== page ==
Life squishes out of every soggy corner in a marsh. To see it in action, pull on your mud boots and head into the wild.
This is the entrance to a crayfish house. Crayfish tunnel down into soggy ground to stay cool and wet. As they dig, the clawful crustaceans use their legs and mouthparts to roll mud into little round blobs. They carry the blobs to the surface and stack them to form a chimney.
Scan the shallow waters of a wetland and you’ll likely spot 3-foot-tall mounds of mud and vegetation tucked among the cattails. These are muskrat houses. If you watch a mound closely, you may see its furry brown builder swimming nearby.
Swish a dip net through some murky marsh water and you’re likely to find baby dragonflies, damselflies, and mayflies squirming in the mesh when you bring the net up. The young insects, called larva, don’t look anything like their parents.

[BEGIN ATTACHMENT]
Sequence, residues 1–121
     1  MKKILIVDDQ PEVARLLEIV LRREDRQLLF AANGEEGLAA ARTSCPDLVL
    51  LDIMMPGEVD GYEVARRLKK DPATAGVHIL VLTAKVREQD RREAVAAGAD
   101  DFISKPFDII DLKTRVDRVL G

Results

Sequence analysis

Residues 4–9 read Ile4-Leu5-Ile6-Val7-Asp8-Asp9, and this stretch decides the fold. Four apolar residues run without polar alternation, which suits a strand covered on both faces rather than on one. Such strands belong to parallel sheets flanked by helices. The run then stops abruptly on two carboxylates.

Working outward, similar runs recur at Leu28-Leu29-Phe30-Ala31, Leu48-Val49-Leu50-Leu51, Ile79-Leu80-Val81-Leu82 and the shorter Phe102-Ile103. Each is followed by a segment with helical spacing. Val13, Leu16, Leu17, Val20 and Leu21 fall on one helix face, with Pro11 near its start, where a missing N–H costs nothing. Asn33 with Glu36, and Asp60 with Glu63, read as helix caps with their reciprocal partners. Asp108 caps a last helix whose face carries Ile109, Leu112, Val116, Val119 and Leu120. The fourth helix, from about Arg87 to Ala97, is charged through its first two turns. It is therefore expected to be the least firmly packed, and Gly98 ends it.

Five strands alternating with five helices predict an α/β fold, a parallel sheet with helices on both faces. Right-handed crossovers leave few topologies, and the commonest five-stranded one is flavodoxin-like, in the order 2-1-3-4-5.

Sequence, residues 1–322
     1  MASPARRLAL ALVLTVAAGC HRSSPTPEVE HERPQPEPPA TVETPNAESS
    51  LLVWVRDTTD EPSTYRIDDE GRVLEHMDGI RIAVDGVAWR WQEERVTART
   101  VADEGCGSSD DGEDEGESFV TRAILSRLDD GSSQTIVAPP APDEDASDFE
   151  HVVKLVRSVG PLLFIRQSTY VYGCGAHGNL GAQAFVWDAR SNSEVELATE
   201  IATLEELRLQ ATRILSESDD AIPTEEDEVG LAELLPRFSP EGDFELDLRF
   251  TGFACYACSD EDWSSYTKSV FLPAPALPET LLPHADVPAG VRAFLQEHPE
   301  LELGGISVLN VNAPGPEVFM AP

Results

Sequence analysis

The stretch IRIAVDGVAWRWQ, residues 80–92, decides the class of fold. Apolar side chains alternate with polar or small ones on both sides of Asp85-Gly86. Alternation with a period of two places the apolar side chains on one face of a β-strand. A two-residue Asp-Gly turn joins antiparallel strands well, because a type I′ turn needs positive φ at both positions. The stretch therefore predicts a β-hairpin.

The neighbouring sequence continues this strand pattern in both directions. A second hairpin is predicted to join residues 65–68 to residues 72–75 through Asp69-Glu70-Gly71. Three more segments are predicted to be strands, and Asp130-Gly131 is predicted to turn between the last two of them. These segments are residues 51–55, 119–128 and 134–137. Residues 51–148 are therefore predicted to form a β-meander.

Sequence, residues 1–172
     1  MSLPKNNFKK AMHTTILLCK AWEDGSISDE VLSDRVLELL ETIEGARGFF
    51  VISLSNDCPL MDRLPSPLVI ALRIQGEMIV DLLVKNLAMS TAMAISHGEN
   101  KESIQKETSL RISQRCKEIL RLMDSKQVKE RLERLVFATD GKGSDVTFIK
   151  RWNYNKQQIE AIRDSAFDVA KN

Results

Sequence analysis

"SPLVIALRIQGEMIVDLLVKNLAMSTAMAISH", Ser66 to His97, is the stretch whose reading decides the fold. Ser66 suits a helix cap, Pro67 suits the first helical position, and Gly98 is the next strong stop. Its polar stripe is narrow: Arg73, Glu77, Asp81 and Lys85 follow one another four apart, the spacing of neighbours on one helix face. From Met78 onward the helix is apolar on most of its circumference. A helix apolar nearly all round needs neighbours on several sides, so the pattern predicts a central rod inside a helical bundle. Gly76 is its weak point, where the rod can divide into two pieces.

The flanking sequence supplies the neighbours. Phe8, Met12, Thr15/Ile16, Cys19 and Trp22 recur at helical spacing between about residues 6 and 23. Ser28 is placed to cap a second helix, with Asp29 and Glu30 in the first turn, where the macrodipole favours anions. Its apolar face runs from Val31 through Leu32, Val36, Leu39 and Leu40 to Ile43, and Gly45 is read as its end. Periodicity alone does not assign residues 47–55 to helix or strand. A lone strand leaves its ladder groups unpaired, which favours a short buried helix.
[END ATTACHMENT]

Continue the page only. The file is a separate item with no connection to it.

From March to May, Missouri’s marshes offer perfect pitstops for thousands of migrating ducks, geese, and shorebirds making their way north. Visit one of these wetlands to witness the migration sensation.
Visit a marsh in March and you’ll hear spring in full swing as a chorus of frog love songs overflows each shallow pool.
Mosquitoes love marshes. Keep the bloodsuckers at bay by spraying yourself with insect repellent.
Great blue herons have two ways to catch dinner. Sometimes they wade sloooowwly through shallow water, hoping to ambush unwary fish, frogs, and snakes. At other times, they stand motionless and wait for fish to swim within range of their long, flexible necks and dagger-like beaks.
Angie Daly Morfeld
Nichole LeClair Terrill